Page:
Pervasively generates and celebrates conflict for the sake of conflict, aggression for the sake of aggression and competition for the sake of competition.

Creates adversarial, as distinct from cooperative, systems of law, policy, sport, entertainment, politics and economics.

Selectively and opportunistically opposes violence some of the time.  For example, condemns violence when used by certain types of protestors. Also seeks to disarm oppressed people and applies a right to self-defense to some but not others.

Depends on deceit, delusion and lies to perpetuate itself.  More specifically, goes to great lengths to conceal the centrality of violence to the continued domination of the culture of violence itself.

Values mind over all else (heart, body, spirit). Attributes far greater capability for rational behavior to homo sapiens than actually exists.

Leans toward the view that individuals acting primarily for themselves will somehow benefit the community. Said differently, values individuals over community and the commons.

Excessively believes that technology will solve problems and thus over invests resources of all kinds in same.

Prioritizes spending on weaponry, incarceration, war and other forms of domination.

Values punishment, often called “accountability.”

Endorses dictatorial, individualistic and domineering forms of child rearing.

Consistently disregards the messages being given to us by pandemics, fires, weather events and other natural phenomena.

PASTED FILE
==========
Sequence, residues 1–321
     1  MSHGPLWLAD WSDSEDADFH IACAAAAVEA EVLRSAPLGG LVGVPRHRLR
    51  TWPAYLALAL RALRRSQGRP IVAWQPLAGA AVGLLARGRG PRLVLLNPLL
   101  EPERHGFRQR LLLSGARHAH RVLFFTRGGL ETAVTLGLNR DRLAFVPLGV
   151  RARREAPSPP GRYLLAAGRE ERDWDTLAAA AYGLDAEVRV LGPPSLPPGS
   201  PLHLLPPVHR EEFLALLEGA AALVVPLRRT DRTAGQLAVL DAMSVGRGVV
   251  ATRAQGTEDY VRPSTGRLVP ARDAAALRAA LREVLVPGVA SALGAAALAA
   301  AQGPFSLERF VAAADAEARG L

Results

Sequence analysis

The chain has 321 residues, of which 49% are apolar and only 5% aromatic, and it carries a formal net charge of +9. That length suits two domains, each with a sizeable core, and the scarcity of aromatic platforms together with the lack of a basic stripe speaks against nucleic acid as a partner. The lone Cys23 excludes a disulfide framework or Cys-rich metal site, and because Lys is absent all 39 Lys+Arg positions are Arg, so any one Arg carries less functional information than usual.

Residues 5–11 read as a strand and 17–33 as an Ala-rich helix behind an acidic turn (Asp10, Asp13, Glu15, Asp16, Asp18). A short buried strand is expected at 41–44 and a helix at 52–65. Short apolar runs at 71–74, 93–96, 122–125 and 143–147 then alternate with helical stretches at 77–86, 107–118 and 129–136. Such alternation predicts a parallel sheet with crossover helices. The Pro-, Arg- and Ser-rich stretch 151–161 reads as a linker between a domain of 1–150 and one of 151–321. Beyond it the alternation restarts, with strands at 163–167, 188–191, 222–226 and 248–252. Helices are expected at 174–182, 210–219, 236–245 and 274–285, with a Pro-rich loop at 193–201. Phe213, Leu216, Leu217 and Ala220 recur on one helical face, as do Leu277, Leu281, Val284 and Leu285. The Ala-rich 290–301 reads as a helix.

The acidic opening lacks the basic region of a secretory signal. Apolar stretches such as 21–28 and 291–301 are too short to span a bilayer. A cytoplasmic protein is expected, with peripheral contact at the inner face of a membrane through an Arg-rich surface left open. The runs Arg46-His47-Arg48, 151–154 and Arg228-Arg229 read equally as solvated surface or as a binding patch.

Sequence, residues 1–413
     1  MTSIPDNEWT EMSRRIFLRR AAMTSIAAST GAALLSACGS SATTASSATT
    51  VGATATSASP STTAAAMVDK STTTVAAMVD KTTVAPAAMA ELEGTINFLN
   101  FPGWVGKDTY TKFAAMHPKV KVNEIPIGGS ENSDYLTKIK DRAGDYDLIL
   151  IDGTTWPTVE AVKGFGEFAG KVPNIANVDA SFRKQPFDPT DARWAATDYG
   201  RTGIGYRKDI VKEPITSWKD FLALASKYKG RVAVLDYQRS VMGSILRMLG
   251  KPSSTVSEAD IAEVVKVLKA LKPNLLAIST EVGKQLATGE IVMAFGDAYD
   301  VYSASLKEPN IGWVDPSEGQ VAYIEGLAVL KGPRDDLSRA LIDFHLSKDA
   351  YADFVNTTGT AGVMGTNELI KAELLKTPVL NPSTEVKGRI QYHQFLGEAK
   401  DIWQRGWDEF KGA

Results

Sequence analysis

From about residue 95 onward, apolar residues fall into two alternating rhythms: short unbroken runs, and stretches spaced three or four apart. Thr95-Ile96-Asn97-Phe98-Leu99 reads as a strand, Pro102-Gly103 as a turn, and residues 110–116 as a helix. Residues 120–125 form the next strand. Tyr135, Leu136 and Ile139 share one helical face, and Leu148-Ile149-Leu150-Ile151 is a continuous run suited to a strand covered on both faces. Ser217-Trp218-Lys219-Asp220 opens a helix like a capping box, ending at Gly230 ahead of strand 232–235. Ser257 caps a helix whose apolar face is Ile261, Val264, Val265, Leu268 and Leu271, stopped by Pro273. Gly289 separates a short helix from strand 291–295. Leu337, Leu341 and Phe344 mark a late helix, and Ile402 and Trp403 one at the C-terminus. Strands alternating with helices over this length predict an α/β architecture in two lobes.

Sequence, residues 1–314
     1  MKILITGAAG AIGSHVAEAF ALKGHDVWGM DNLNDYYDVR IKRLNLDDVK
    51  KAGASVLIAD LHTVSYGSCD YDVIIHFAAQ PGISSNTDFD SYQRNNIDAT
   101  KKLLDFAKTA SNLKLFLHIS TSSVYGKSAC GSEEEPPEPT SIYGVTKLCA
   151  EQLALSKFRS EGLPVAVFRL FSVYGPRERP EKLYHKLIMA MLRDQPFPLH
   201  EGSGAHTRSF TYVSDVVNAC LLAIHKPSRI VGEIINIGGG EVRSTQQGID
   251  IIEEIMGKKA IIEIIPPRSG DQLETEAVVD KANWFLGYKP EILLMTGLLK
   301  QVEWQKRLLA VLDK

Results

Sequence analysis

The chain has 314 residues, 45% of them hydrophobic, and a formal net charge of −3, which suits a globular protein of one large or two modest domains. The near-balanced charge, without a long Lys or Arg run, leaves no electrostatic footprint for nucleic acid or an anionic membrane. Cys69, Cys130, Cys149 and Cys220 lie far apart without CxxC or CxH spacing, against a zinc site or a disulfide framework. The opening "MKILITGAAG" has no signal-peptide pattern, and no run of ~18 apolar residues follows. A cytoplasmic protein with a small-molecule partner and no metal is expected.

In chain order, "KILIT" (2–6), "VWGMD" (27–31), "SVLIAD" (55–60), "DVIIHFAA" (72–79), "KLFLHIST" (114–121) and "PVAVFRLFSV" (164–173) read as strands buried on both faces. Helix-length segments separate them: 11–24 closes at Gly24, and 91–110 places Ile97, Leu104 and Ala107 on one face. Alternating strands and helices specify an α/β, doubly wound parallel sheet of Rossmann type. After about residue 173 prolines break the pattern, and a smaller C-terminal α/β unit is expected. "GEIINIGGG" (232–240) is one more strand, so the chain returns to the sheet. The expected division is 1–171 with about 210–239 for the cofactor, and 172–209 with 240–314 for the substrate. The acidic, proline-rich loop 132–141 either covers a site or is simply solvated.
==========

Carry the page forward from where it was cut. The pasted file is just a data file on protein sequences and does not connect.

Fosters and vigorously defends secular and religious schooling curricula that promote the values of patriarchy, white supremacy, capitalism and violence.  (Note: We falsely create a dichotomy between spending for war and spending for education, failing to understand that the CoV education itself is designed to reproduce adherence to patriarchy, white supremacy, capitalism and violence.)

Is stuck on old political left-versus-right vocabulary.

Requires hierarchical and unequal master/slave and or employer/employee systems of organizing work.

Supports and celebrates the unlimited and massively wasteful consumption of stuff.  Considers metrics such as Gross Domestic Product (GDP) the best measure of human achievement and progress.  The canard, “it’s the economy, stupid” embodies two aspects of this view in emphasizing too much the economy over other things and in characterizing those who differ as stupid.

Frank Joyce is a lifelong Detroit based activist and writer. He is a former Communications Director of the UAW. He and Karin Aguilar-San Juan co-edited, The People Make the Peace: Lessons from the Vietnam Anti-War Movement.